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The Everything Guide to Taxis

From outer-borough cabs to a radical new design, the taxi world is seeing historic changes. To mark the occasion, we hung out in the backseat of a couple of cabs on Saturday nights, picked experts’ brains to help you zip around town faster, and more.

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Taxicabs are as elemental to New York as bagels and bodegas, and in the past few years, the city has seen the biggest changes in the taxi world since motors replaced horses in 1899. The Ford Crown Victoria, for a decade the alpha dog of the fleet, has been joined by a group of newcomers, including minivans, SUVs, and Priuses. Riders can pay by credit card, and generally like doing so (drivers, who had fought the swipe, came around when they discovered that the preset tip options have a way of making people more generous). TVs—those damn TVs—have appeared in backseats. And since 2008, whether or not you’re aware, every yellow cab has been outfitted with something called the Taxi Technology System—a sort of GPS-based Big Brother that allows the New York City Taxi & Limousine Commission to review a cab’s meter clicks and monitor its routes. No longer can a crooked cabbie take tourists from La Guardia to midtown by way of Hoboken without being called on it.

None of that, however, compares to what’s coming. We’re not talking about the roughly 20 percent fare hike likely to arrive later this year. As big as it sounds, the bump will only bring fares to the same (inflation-adjusted) place they’ve more or less always been. No, the two seismic changes on the horizon are the Taxi of Tomorrow—our first purpose-built cab since the Checker Motors sedan arrived in 1956 and clocked its last fare in 1999—and the 18,000 new cabs that may soon be cruising the outer-boroughs and picking up street hails (legal ones) for the first time.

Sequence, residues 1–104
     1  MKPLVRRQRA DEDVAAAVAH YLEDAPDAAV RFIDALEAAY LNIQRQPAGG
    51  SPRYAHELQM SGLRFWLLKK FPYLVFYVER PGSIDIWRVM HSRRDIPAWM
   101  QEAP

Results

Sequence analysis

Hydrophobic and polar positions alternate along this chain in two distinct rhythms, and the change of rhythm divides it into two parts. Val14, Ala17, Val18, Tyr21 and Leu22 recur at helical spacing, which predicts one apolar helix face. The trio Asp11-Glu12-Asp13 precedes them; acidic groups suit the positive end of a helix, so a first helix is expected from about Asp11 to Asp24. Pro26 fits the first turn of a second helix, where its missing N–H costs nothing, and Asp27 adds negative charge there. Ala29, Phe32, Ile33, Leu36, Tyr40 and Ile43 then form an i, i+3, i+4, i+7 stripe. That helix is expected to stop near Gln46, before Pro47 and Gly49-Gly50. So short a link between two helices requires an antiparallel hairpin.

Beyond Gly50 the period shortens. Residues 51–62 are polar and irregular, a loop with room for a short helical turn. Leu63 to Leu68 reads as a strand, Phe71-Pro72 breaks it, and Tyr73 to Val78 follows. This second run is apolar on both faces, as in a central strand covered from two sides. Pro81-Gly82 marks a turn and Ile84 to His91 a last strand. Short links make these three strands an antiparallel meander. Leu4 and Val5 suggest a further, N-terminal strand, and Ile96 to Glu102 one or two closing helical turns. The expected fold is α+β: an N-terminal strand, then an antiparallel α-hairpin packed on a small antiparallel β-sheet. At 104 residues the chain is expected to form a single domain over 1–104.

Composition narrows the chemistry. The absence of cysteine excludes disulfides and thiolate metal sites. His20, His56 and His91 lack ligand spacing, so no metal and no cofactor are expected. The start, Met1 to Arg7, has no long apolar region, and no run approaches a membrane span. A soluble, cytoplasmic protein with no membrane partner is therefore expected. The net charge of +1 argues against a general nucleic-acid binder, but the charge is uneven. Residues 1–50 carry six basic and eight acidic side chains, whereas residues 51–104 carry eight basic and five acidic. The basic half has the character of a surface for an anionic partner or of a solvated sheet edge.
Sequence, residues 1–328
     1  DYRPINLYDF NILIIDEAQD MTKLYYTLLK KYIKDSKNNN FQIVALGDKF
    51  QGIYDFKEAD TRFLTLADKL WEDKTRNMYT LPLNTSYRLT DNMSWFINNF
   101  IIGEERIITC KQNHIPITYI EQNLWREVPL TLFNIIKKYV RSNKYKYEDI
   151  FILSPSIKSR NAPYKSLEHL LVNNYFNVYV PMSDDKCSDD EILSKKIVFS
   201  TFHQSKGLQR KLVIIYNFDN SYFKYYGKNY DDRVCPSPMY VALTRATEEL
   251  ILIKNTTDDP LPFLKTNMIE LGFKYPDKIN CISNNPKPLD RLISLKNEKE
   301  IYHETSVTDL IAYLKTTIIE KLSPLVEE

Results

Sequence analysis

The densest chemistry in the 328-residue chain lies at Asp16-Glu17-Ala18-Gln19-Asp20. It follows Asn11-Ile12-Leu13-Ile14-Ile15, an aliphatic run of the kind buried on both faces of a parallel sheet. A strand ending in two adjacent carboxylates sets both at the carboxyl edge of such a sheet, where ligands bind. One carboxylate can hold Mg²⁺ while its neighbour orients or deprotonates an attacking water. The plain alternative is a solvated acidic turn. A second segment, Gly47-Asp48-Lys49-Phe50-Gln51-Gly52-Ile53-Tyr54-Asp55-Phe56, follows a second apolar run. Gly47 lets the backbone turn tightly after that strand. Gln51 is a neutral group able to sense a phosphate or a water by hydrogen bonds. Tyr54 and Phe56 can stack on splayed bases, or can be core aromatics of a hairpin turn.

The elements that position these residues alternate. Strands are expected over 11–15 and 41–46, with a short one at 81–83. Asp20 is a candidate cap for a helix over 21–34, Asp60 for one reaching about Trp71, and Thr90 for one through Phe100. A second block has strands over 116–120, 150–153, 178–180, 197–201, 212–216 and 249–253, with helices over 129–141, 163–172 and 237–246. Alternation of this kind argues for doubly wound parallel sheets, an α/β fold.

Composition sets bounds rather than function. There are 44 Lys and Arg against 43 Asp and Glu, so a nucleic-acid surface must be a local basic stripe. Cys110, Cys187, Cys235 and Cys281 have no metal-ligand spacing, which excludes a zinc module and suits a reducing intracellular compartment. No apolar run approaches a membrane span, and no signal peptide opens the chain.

The Taxi of Tomorrow was the winner of a 2011 competition that pitted three prototypes against the harsh demands placed on a New York cab. Built by Nissan, the winner was previewed earlier this year, and it will officially hit the streets in 2013. It is a fender-to-fender original that looks vastly different from the retiring Crown Victoria—squarer and taller with bigger doors, plus a mechanically deployed step that makes it easier to get in and out—and gets roughly double the gas mileage. The partition will be factory standard, so the interior won’t have to be rebuilt later on, allowing for air bags in the back and much more legroom than in a Crown Vic. There’s no transmission hump in the floor, meaning that the middle seat will no longer require adults to curl up like cannonballing divers. There are charging plugs for cell phones, and lights down at foot level in case you drop something. The heat and air-­conditioning are reportedly much improved. (An early prototype had back windows that didn’t open, but drivers objected, citing the ­vomiting-drunks problem.) There’s an indicator light that flashes when the driver beeps his horn, intended to discourage gratuitous honking. Cabin air will be filtered, and the seats are going to be made of antibacterial plastics (if you don’t think that’s important, see “How Gross Is Your Taxi?”). Nissan says the car can be built with an all-electric power source, if we were ever to assemble the infrastructure to support such a creature. The whole thing will cost $29,700, a couple of thousand more than a fully kitted-out Crown Vic.